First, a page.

Back in August, we reported that Pelgrane Press’s new space opera RPG Ashen Stars had won a 2012 ENnie Award for Best Setting. That was enough to pique my curiosity, and I ordered a copy.
I’ve been waiting for a science fiction role playing game with a truly rich setting for a long time. Our Managing Editor Howard Andrew Jones has been exploring Traveller in a series of occasional articles — most recently on the Netherell setting and The Third Imperium — but to be honest I always found the setting for Traveller to be fairly generic, at least in the early editions. The last SF RPG to really impress me was Rogue Trader by Fantasy Flight, a gorgeously produced game set in the Warhammer 40,000 universe; before that I have to go all the way back to Holistic Design’s future-medieval setting Fading Suns, first released in 1996.
I’m very pleased to be able to add Ashen Stars to that short list. Drawing heavily upon his successful GUMSHOE mystery system, author Robin D. Laws has created an extremely appealing game of space opera procedural mysteries. In the tradition of the best hard boiled detective fiction, players are constantly scrambling for money, equipment, and respect… all of which they’ll need to succeed in a war-ravaged perimeter where trust is a precious commodity, and very little is truly what it seems.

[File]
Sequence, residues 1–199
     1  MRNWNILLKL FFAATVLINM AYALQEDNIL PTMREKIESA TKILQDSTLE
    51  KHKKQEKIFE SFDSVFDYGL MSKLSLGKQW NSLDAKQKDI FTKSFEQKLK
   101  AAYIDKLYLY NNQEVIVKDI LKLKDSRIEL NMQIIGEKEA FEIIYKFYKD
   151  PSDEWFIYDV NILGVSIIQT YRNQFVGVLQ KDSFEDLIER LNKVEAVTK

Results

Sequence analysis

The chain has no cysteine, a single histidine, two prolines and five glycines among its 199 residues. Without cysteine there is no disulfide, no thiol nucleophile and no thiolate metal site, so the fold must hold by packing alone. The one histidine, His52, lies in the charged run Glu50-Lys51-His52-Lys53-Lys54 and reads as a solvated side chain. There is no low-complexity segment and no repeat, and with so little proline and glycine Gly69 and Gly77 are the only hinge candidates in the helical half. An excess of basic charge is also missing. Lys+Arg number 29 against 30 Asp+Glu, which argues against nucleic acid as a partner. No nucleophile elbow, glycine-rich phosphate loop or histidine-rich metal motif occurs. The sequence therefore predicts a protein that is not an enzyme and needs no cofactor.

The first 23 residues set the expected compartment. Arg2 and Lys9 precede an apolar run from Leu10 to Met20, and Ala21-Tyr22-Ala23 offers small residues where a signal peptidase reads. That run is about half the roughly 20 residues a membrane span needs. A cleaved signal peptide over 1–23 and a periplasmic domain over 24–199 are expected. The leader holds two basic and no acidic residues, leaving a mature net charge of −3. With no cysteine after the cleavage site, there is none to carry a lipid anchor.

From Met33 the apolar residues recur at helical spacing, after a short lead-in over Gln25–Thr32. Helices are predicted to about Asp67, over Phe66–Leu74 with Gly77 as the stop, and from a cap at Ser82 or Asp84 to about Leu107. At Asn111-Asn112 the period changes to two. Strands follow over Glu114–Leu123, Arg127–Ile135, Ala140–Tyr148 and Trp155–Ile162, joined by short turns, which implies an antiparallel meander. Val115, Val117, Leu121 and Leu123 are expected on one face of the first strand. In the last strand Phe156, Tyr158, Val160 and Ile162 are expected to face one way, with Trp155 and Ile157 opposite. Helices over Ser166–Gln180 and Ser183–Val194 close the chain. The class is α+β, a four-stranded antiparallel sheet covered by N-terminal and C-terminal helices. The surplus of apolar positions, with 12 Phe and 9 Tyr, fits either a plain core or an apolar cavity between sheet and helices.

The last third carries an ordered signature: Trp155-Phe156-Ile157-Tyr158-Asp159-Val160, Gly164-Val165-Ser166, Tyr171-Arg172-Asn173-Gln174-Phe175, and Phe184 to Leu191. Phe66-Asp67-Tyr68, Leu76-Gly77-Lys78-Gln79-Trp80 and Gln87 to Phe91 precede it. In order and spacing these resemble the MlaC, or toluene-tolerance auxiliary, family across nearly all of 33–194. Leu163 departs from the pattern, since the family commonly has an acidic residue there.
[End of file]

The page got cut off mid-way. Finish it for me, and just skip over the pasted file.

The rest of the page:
The players in Ashen Stars are private eyes — excuse me, licensed mercenaries — acting as freelance law enforcement on a rough-and-tumble frontier called “the Bleed,” where humans and half a dozen alien races mingle, compete, and trade. The Mohilar War that devastated the once powerful governing Combine ended seven years ago, and no one is sure exactly how. The Combine is in no shape to govern the Bleed, and rely on loosely-chartered bands like the players to maintain peace in the sector, keep a lid on crime, and investigate odd distress signals from strange corners of space. Like the crew of the Serenity, your loose band of players operate on both sides of the law, secure lucrative contracts, scramble to maintain your ship and upgrade your aging equipment, and maintain a code of honor in a place where reputation is the most precious commodity there is.
The writing and color art are impressive throughout, and the book is filled with fascinating tidbits that will make you anxious to play, and re-introduce you to the essential joy of role playing.
Here, for example, is an excerpt from the recent history of The Mohilar War, 2451 to 2463:
Seventeen years ago, it began — a period of unprecedented destruction, courage and suffering. The characters remember some of its terrifying moments with adrenalinized clarity. Others — those involving direct contact with the enemy — remain maddeningly hazy and elusive. The Mohilar War, which shattered the Utopian era and left the core worlds of the Combine in ruins, comes to mind less as a narrative than a series of fragmented bullet points.
The Mohilar… appear in great numbers, operating ships of unprecedented size and firepower. They plow through rival empires white cutting their swath toward Combine space. They completely annihilate the chanovar and drive the illud to the brink of extinction… The Combine stands on the very brink of extinction.